09/07/2015 07:51 pm ET Updated Sep 07, 2016

Hurricane Evacuations Will Remain Tough for Many Black New Orleanians

This blog is based on an article in "The Louisiana Weekly" in the Sept. 7, 2015 edition.

In the fall of 2005, 100,000 mostly Black residents of New Orleans and surrounding areas found themselves housed in Houston. "African Americans who owned cars drove to Atlanta," Robert Bullard, Dean of Texas Southern University's School of Public Affairs, said last week. "Those who didn't were bused to Houston." On Sept. 3 of that year, 1,300 buses were ordered to get people out of the Mercedes-Benz Superdome and the Ernest N. Morial Convention Center. The next night, the dome had been evacuated, and bus convoys were headed to Texas and other safe places.

If a Category 3 or greater storm struck now, some things at least would be different. Ten years ago, the city's plan was for people without cars to leave home, but to shelter in town, and that meant the dome, the convention center and a few other sites. Havens for people with special needs were available upstate.

Improving on that, New Orleans drew up a City-Assisted Evacuation strategy more than five years ago to speed over 30,000 people out of town on coach buses as quickly as possible. "It's a plan that's also engineered to work in reverse and bring people home," David Morris, executive director of nonprofit Evacuteer on Lafayette St., said last week. In 2013, the city designated 17 Evacuspots or pick-up points, marked by 14-foot sculptures.

But Bullard said it won't be easy for many African Americans to leave or return in the next big storm, whether it's under their own steam or the city's auspices. He knows New Orleans well, having tracked its post-Katrina recovery with executive director Beverly Wright of Dillard University's Deep South Center for Environmental Justice.

For the city as a whole, over 19 percent of residents didn't have cars in 2013, Bullard said, citing nonprofit RIDE New Orleans' numbers. "For Blacks, the number without cars is much higher, however," he noted. When Katrina struck, an estimated 34 percent of Black residents didn't own autos.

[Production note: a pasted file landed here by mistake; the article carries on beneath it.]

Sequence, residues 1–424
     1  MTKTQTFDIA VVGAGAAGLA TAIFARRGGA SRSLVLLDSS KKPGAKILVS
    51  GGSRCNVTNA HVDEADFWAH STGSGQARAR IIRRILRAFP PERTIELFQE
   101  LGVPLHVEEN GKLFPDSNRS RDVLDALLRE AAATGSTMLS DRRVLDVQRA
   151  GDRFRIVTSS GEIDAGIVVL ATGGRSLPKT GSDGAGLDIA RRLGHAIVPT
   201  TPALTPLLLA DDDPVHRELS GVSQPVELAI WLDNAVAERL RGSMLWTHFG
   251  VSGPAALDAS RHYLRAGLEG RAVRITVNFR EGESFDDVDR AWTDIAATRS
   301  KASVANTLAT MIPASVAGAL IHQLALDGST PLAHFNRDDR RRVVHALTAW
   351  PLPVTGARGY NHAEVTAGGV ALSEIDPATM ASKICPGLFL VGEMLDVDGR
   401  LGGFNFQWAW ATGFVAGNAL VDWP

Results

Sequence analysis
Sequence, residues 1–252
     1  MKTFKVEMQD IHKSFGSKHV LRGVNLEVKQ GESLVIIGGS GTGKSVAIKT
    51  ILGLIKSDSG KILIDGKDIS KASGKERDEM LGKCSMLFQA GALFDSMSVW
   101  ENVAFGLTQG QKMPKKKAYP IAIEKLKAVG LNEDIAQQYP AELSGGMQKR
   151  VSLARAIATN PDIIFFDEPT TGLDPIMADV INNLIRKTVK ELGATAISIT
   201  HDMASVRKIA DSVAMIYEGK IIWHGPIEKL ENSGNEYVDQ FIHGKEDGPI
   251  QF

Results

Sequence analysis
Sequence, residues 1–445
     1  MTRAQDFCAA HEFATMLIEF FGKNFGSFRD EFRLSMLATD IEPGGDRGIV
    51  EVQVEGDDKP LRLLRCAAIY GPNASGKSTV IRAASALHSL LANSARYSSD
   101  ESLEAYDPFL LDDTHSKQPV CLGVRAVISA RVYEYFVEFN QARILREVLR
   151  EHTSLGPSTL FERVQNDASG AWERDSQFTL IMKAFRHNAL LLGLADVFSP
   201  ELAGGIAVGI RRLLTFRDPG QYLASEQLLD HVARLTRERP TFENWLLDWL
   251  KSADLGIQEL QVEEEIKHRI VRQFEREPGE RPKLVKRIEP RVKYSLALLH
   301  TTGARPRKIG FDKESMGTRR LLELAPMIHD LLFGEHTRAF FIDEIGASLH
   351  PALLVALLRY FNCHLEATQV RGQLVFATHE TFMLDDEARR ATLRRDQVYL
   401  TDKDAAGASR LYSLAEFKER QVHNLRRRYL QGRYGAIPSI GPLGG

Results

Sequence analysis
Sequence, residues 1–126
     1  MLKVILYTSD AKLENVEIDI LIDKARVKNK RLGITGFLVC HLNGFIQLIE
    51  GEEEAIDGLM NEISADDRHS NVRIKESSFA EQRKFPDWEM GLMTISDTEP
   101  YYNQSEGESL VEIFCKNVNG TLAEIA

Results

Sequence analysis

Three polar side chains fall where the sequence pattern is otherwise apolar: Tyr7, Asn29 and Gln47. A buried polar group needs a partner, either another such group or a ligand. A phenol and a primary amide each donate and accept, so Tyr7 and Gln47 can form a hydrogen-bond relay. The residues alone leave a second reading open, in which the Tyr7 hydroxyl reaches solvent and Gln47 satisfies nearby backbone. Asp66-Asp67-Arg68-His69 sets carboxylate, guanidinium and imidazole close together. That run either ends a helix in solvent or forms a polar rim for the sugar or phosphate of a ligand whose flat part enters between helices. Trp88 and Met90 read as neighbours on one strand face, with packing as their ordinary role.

Bullard said other factors, too, leave African Americans vulnerable if a storm's coming. Prices of formerly affordable housing have escalated, especially since the city decided to raze the Big Four housing projects in 2007 and replace them with fewer, mixed-income units. Job wages have lagged behind the post-storm rise in rents. "The number of Black children living in poverty has actually grown in New Orleans, and the gap between Black and white incomes has widened," he said.

In July, the Urban League of Greater New Orleans estimated that the city's Black children younger than 18, dwelling in poverty, rose by 6.5 percent from 2005 to 2013. The gap between the median incomes of Black and white households swelled 18 percent over that span. Blacks made up 59 percent of the city's population in 2013, down from 66 percent in 2005.

Bullard explained why tens of thousands of Black New Orleanians still live in the Houston area though many want to go home. He used the example of teachers. They'd been the backbone of the Crescent City's middle class but many of them remain in the Lone Star State. In 2006, New Orleans laid off over 7,000 mostly African American, women teachers because schools hadn't reopened. Systems in Texas hired a number of them.